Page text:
2. Call to Adventure – It was climbing the branches of a low tree that he heard the call of a bird. It was the strangest, most different, oddest call of a bird he had ever heard.

3. Refusal of the Call – For a moment, he hesitated. Bird was never the kind of boy to hesitate or stutter; he was the first to jump, to move, to go. But this call was eerie and he was far from where he could hear his mother’s voice.

4. Meeting with the Mentor – Standing in front of a little rushing spring, Bird thought and mulled over his options.He imagined himself to be much older, as old as his mom and dad. The older him was having a conversation with the younger him and telling him all about the great adventures he’d had. This was definitely one he’d had.

5. Crossing the First Threshold – Full of new confidence, Bird jumped the little spring and swiftly walked through this unfamiliar part of the forest. He could tell he was getting much closer to the call.

Act II (Middle = the action)

6. Tests, Allies, Enemies – This forest was not like the forest near his home, and the sticks and the twigs became thorns and brambles. It was only a little later than noon and already the thick trees there cast everything in shadow. Bird was a quick thinker and collected a long sturdy branch to clear up his path and a stone to mark a few trunks so he could find his way back.

7. Approach to the Inmost Cave – His mind filled with all the stories about wandering children getting lost in the forest, but Bird was not even a little bit scared and instead felt that this would be his greatest adventure yet. He approached a thicket of bushes and heard the mysterious trill coming from right beyond it.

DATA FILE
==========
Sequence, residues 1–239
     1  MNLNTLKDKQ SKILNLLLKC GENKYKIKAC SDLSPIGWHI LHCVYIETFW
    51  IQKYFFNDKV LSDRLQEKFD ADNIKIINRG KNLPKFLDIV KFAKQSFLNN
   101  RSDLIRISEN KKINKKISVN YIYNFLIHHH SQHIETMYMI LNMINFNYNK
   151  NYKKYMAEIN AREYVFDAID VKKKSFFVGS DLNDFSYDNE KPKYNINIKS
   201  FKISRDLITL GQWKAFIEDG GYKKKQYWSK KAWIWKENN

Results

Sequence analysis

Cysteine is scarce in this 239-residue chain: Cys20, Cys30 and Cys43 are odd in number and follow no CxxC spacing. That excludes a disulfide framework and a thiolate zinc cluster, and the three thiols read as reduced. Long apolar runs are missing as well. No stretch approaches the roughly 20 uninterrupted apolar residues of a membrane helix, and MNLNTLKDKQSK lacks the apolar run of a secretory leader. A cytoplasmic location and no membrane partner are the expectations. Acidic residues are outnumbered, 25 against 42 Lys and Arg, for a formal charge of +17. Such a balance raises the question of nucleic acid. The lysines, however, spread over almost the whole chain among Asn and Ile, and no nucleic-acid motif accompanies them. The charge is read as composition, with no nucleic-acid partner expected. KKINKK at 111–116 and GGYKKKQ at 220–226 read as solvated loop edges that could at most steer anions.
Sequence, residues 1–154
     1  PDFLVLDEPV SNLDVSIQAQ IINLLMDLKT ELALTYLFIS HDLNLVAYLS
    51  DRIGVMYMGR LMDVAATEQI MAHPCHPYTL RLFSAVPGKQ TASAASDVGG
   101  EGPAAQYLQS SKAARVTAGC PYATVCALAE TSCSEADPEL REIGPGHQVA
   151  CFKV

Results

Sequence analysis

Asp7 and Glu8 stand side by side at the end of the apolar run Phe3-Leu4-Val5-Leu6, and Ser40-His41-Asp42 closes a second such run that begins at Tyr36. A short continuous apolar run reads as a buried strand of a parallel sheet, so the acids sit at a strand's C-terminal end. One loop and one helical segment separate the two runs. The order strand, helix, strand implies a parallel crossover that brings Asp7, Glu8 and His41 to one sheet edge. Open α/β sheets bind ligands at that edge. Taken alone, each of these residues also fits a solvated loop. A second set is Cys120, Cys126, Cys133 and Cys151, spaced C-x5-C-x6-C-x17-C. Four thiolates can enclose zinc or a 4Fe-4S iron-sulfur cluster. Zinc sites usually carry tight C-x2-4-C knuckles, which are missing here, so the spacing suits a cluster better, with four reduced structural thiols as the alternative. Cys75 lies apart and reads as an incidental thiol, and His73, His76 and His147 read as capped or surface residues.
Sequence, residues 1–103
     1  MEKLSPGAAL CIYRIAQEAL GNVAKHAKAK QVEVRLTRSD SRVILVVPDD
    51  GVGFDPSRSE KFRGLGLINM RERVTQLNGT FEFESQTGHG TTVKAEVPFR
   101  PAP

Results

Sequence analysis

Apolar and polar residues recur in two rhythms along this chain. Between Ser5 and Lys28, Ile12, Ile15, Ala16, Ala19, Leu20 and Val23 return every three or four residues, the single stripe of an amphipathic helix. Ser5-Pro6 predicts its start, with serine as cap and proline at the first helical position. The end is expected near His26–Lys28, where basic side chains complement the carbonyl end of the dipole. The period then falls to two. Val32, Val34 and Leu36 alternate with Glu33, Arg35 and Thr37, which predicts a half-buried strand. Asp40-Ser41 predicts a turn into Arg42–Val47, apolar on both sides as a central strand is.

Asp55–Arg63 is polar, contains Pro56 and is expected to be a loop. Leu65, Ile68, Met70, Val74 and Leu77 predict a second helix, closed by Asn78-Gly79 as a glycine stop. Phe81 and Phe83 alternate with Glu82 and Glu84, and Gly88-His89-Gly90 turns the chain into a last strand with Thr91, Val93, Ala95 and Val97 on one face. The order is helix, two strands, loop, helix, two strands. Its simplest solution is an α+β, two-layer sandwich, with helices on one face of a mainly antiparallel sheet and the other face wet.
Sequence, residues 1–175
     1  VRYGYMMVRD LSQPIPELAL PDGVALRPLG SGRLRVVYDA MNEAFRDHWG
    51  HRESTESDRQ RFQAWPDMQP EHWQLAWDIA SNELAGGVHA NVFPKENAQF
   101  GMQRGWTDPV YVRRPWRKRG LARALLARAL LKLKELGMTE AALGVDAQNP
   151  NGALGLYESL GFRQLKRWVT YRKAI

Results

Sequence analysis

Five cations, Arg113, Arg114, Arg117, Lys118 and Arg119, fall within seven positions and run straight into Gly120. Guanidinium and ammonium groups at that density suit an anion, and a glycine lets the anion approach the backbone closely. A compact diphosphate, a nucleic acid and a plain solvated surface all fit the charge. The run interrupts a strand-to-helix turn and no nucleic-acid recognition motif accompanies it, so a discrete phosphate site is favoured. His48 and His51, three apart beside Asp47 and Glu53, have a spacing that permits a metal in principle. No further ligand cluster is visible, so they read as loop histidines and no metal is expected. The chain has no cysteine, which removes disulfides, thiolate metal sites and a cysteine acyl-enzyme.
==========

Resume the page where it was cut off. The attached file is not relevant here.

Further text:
8. Ordeal – Being so small and thin, he found a small space where he could crawl through. With his head ducked down to avoid losing any of his eyes, he charged forward as safely as he could manage. Already he could hear his mother’s reprimands as soon as she saw his clothes in tatters and his arms pink with scratches.

9. Reward – It was there. The bird was perched on a low branch, hardly moving except for a gentle sway as it held on with its claws. Not wanting to scare if off, Bird sat down at a safe distance and started quietly whistling. The bird shook itself and looked at him, then gave its quick strange call.

Act III (End = the consequences of action)

10. The Road Back – Bird sat in front of his new discovery for several minutes, before it became restless and flew away without much fanfare. It was time to go back and write about his greatest adventure yet.

11. Resurrection – His mother was waiting in their little front garden. She was sitting calmly but looking anxiously at the edge of the forest. This had never happened before, but she had always known  it eventually would. And then there he was, running to her with a big smile and his clothes in ruins. She smiled right back.

12. Return with the Elixir – Bird narrated his adventures to his mother, who listened gladly. From his pocket, he took out a small gray feather and held it as gently as he would a porcelain thing. He had no idea what kind of bird it was but that never really mattered; he had its feather and its call.


This exercise was extremely insightful. I suddenly can’t stop thinking about all the novels and movies I’ve read or seen that follow these stages, either subtly or literally. Though I realise that this isn’t a cheatsheet for writing a good story, it is very helpful to understand how a good progression of events might look like. I also feel that this is a good general guide to keep in mind when struggling with how to put down an idea into words and turning it into a story.